Putting all your eggs in one basket is always a risk.
Most investors understand not to invest all their money into a single company, because there’s a chance that company might go bust.
Nor should the entirety of your income come from a single client. What would happen to your business should that client leave?
When it comes to depositing money into the bank, however, most people have a false sense of security. They expect their money will always be accessible and the risk of losing their money is nil.
In this video, I show you proof that this isn’t always the case, and explain why you shouldn’t keep all your money with one bank.
LOSING YOUR BANK ACCOUNT
In March of 2013, the Bank of Cyprus made a shocking announcement.
Any deposit over €100,000 would be converted into bank shares and 37.5% of its value would immediately be wiped off.
In other words, if you had deposited €100,000 with the bank, your balance would suddenly drop to €62,500, and you would have no way to recover the lost money.
When you deposit, you are lending your money to the bank. When you withdraw, the bank is effectively paying back a portion of that loan.
But remember that not all debts get repaid. Sometimes the borrower defaults, and while this is unlikely with a large financial institution, it is not unheard of.
Warren Buffett said, “Rule No. 1: Never Lose Money. Rule No. 2: Never Forget Rule No. 1.” When investing, your first priority should always be to protect the money you already have, before taking big risks in the hope of a big ROI.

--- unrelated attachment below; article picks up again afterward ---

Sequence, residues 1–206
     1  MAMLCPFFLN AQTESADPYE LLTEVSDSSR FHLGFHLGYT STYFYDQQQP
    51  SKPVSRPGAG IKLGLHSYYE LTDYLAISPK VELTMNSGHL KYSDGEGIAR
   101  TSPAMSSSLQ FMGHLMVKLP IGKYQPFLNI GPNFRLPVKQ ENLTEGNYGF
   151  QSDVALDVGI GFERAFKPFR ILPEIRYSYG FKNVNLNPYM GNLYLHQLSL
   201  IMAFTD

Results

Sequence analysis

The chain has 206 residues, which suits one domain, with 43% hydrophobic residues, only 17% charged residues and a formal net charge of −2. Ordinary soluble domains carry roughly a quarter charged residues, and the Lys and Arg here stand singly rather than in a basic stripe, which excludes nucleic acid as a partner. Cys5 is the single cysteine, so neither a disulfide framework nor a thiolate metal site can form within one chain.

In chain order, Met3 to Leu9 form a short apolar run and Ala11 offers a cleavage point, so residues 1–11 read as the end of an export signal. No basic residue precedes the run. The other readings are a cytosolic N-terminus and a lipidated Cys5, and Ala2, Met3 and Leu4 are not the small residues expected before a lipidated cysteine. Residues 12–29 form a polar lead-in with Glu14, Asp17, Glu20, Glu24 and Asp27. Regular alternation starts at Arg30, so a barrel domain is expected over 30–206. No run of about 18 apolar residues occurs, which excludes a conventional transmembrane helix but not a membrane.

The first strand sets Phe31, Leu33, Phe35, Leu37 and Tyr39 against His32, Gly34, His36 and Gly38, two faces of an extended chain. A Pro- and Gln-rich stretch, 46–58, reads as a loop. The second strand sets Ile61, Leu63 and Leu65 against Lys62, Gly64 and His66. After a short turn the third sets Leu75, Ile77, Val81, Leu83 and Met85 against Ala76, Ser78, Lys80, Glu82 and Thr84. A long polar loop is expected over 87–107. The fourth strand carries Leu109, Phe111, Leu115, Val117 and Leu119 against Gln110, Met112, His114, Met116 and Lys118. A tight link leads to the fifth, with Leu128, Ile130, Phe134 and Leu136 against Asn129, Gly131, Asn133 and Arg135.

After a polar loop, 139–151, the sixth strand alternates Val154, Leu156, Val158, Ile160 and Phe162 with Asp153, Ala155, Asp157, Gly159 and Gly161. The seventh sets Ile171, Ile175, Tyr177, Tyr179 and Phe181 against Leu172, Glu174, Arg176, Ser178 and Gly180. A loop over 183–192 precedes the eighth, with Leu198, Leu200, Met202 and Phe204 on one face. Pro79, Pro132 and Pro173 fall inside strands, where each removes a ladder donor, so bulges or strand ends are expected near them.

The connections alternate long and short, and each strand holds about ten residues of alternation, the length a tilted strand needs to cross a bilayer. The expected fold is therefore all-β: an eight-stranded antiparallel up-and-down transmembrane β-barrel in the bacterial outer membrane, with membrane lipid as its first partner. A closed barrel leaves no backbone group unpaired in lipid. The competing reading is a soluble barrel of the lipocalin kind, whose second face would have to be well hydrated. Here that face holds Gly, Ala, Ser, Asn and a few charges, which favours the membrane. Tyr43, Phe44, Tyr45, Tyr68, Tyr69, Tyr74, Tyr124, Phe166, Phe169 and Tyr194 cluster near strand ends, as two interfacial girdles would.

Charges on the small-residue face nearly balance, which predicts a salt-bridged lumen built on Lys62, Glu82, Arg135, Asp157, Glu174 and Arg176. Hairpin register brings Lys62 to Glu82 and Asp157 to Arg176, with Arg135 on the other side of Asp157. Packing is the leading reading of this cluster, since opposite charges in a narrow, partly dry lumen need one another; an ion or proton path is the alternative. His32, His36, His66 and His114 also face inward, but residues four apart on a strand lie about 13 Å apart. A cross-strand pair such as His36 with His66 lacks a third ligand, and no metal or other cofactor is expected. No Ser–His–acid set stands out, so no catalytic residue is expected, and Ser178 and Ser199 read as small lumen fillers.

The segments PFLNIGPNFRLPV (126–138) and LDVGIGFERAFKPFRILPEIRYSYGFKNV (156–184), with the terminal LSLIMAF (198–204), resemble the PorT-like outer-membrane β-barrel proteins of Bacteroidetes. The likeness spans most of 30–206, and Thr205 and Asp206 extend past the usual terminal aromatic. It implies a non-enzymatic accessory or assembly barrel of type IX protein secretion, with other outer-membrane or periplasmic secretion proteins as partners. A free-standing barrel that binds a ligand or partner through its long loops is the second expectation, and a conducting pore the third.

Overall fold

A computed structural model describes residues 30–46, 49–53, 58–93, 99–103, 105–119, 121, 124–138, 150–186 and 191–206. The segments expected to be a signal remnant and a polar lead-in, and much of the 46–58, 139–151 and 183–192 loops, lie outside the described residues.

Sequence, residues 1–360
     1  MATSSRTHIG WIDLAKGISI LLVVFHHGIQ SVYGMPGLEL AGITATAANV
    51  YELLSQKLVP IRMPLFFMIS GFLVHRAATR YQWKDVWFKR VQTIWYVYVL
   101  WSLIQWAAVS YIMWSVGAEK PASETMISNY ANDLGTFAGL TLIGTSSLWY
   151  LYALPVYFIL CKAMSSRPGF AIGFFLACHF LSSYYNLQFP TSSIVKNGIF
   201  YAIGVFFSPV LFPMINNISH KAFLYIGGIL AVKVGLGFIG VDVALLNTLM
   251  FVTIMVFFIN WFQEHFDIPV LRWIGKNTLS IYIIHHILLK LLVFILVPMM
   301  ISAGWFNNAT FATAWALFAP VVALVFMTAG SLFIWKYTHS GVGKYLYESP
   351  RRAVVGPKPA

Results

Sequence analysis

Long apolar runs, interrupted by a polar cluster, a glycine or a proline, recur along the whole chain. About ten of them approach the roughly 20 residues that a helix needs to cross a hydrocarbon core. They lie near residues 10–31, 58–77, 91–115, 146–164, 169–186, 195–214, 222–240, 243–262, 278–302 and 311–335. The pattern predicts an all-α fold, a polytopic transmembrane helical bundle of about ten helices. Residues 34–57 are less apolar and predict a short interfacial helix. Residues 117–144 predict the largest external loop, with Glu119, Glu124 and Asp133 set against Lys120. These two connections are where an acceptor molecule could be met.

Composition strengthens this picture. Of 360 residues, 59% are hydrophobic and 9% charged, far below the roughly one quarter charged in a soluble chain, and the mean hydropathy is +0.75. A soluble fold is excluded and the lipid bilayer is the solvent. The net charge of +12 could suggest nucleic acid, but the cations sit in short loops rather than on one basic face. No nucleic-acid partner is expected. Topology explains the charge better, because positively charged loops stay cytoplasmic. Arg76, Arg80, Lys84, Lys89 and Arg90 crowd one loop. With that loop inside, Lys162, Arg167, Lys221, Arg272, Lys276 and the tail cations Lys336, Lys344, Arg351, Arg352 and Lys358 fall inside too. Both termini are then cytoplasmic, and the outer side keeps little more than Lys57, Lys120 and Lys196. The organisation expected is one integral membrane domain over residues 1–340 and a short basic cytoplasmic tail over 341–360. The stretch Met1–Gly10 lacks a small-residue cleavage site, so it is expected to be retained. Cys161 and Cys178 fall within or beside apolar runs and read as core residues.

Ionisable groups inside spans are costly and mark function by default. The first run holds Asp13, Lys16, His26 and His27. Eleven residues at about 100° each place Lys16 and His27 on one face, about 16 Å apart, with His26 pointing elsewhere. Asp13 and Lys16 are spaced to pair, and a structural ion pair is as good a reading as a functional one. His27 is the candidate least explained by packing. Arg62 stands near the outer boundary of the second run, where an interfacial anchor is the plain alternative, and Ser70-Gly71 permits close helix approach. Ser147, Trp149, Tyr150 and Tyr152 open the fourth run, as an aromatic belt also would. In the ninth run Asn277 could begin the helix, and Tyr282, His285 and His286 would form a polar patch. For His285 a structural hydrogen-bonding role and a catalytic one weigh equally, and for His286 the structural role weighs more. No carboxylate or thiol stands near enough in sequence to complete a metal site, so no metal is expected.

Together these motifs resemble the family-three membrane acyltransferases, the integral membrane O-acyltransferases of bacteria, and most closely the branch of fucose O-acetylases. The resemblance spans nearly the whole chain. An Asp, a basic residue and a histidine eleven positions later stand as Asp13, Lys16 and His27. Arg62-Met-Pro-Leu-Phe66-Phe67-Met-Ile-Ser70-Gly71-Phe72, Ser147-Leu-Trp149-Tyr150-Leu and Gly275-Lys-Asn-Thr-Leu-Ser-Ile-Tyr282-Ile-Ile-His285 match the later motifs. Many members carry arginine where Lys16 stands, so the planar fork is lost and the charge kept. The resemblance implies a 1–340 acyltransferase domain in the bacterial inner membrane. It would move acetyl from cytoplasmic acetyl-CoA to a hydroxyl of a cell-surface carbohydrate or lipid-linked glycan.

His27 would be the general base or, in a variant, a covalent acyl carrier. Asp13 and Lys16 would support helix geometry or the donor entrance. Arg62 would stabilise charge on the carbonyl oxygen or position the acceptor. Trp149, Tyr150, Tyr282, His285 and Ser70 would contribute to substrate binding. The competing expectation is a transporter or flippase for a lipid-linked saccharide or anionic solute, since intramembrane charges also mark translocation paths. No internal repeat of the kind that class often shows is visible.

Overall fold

If there’s a small chance you could lose all your money, don’t take that risk.
This is not to say that you should avoid banks altogether. Instead, you should spread your money across different banks. If those banks are in different countries, even better. Treat banks in the same way that you would treat stocks, and don’t put all your eggs in one basket.
Imagine we’re playing a game of Russian roulette. I place one million dollars into escrow, then I place one round into a revolver and hand it to you.
If you point the revolver at yourself and pull the trigger, I will release the million dollars to you.
Would you do it? There’s a small chance you’ll die, but a 7 in 8 chance that you’ll win the million dollars.
Placing all of your money into one bank is a similar risk. Of course, the chance that your bank will encounter what the Bank of Cyprus did in 2013 is a very slim chance. But is it a chance you want to take?
Spreading your money across different banks in different countries is a small price to pay to avoid playing Russian roulette with your money.